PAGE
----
After Friday's better than expected non-farm payroll report, there was a flood of TV talking heads and blog posts announcing that the employment numbers prove that the US economy is not in recession or about to tip into a recession. It seemed to be enough for most that NFPs were positive, and the trend not worsening, to conclude that they weren't recessionary. The problem with that kind of analysis is that it completely ignores the historical evidence.
No doubt given the positive revisions to July and especially August payrolls, the employment situation looks a little healthier than originally believed a month ago. However, put in a historical context, current payrolls do not confirm either that the US economy is in recession or not in recession. This is not an opinion, just a fact of the data.
The above chart shows the level of non-farm payrolls 1 month prior to recession, at the start of recession and 1 month after the start of each recession going back to 1945. The black line represents an average of the 13 recessions over the past 66 years. If you were of the opinion that a new recession began in September, then the current data set would fit comfortably into historical experience tracking closely to the black line representing the average.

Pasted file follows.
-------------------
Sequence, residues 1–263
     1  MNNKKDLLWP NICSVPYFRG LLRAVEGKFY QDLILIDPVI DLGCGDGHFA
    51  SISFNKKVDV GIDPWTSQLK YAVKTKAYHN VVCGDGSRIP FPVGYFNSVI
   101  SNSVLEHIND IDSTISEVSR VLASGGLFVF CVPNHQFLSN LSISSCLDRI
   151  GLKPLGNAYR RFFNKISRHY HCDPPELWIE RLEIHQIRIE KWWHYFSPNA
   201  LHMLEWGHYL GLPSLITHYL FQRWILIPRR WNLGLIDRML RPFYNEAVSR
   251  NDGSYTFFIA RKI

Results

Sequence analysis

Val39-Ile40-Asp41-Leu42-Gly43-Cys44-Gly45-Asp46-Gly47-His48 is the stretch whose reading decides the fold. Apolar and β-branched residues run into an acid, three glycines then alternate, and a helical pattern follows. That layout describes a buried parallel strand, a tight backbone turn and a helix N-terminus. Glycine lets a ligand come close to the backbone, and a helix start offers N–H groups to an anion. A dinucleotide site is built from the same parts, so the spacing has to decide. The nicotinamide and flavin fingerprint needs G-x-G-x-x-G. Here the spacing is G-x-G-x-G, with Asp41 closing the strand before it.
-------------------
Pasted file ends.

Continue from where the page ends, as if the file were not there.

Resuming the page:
The problem, of course, is that you could find many instances that would fit into this historical data set that didn't coincide with recession. So whilst the current non-farm payroll data doesn't confirm the US economy is in recession, nor does it validate the view that the economy isn't in recession.
If you're not happy with just 3 months, take a look at the exact same graph using the 3 month moving average of non-farm payrolls 1 month prior to, at the start of and 1 month after the start of each recession. The story is the same, the current experience would track quite closely to the black line representing the historical average.
The historical record is quite clear, in only 3 out of 13 recessions since 1945 did payrolls actually turn negative 1 month before the recession started or in the actual month the recession started. 1 month after the start of the recession 10 out of 13 instances payrolls had turned negative. So you don't need negative payroll numbers to confirm recession is either imminent or underway.
There is also one large caveat to this analysis that needs to borne in mind and that is that all the historical data has been revised several times whereas the July and August data has only been revised once and the September data not at all. We might find out after the BLS annual benchmark revisions that NFPs were considerably stronger or weaker than reported in July, August and September.
Also a final note on the most recent report in relation to the striking Verizon workers. If you take out the Verizon effect, the trend in NFPs appears to be getting worse, but again that trend will subject to revisions in the coming months.
Remember that non-farm payrolls are a lagging or at best coincident economic indicator, they tell you what has happened, not what will happen. Also beware of commentators that quickly form a view based on one data point of one indicator. Spotting recession signals involves confirmation of a much wider set of conditions.
Disclosure: I have no positions in any stocks mentioned, and no plans to initiate any positions within the next 72 hours.